We met the brand-new Citroen C3 Aircross at its static launch in Dublin last month. First impressions of the car were very good. It's a slightly quirkier, bulkier, handier, version of the regular C3. The Citroen C3 itself is a good-looking vehicle, but first impressions of the Citroen C3 Aircross was that it was slightly more stylish.
Every time I get a test car, I always ask my kids their first impressions. No, I don't let my 8-year-old, or 4-year-old test drive the cars - that would be wrong, and probably end in tears - instead I ask them if they like the look of it, and what they think of the interior. My 4-year-old is more of a critic, and immediately he said he liked the car. The interior was to both of their liking, and the 8-year-old was disappointed when I said it was going back to the manufacturer.
Anyway, yep, I'm still pleased by the external qualities and looks of the Aircross. Initially I questioned Citroen as to why this car didn't benefit from Airbumps like the C4 Cactus or the C3 proper, and they told me that the doors were specifically designed to not hold the Airbumps. I'm over it already, the Aircross looks better not having them.
Inside feels typically spacious. I've always said it, Citroen know how to make a small interior feel bigger. The inside is full of light. The panoramic sunroof, which opens (worth noting because it's apparently the only one in its direct class that does this!), the thin A pillar, and the Perspex glass behind the C-Pillar really aid in sending buckets of light into the car.
The front seats are large and very comfortable, and the rear seats have a 60/40 split with both sides on rails that can be moved forward or back depending on your boot needs. The boot, which offers between 410 and 520 litres (depending on where you position the seats on those rails), is a good size for its segment. The front of our test vehicle had a charge pad, which is great, but unfortunately, this was in place of the coffee cup holders - which meant that I had to utilise the one behind my armrest, which proved to be awkward and slightly annoying. There was a place in the doors for cups, but I wouldn't have trusted it to keep my coffee from spilling out. This car also has Apple CarPlay and Android Auto, which was not present in the last C3 we drove (I believe an update came to the C3 after our initial test drive).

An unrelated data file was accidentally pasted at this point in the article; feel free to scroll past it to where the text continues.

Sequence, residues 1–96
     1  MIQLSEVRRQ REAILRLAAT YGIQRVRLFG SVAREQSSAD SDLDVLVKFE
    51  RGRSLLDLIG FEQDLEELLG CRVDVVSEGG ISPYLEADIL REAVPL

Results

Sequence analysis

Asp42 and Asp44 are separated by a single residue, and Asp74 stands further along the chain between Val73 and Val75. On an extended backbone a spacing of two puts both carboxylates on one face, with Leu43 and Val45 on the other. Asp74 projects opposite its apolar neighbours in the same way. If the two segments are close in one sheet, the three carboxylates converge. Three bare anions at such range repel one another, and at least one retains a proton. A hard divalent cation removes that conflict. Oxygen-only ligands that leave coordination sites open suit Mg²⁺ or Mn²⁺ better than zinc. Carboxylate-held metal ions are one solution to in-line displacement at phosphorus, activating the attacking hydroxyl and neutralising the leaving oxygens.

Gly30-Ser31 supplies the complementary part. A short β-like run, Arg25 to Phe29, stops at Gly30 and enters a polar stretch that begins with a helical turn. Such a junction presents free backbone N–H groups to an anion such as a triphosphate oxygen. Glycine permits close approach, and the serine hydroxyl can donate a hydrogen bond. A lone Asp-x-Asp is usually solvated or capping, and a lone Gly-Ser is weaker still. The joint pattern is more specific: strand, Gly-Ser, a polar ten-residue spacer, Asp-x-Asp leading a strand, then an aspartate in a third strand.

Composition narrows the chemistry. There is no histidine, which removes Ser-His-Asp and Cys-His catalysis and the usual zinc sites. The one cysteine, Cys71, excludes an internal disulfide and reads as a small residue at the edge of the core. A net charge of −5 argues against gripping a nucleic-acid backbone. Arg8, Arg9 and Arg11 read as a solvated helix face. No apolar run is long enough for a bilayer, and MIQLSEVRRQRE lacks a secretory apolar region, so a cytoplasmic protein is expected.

Our test vehicle was powered by a 1.2 litre Puretech petrol engine. While this may be an award-winning engine, I do have to say that it was rather loud and initially I thought I had been handed a diesel. The engine, which is mated to a 5-speed gearbox offers 110hp, but it can feel sluggish, and if you're on a hill start, you will find that revs need to be higher than in other cars. On the road, there is body roll on corners, but in fairness, it's up against cars which suffer from the same type of issues. I will say that I found the Stonic to be better on the road when it comes to cornering. The suspension is nice though and I didn't find the ride to be bumpy at all. A nice touch is “Grip Control” in this front wheel drive machine. This aids with driving on sand, snow and all-road – however, I wouldn’t be going around any serious off-road courses. The grip control, which we’ve seen before in the Peugeot 3008 is a nice touch and should aid you get up icy roads.
All-in, the Citroen C3 Aircross is a nice little car. Nope, it's not the best driver's car I’ve ever driven, however it's comfortable and potential owners will be pleased by that. For driving dynamics, I'd prefer the Stonic, but for interior comfort and quirky design, I think the C3 Aircross has a lot going for it. Our test model was top of the range “Flair” trim with added options, the price came to just over €25k. However, entry level "Touch" models start from €20,695. All manual models have 5-speed gearboxes, but the automatic versions are mated to 6-speed boxes.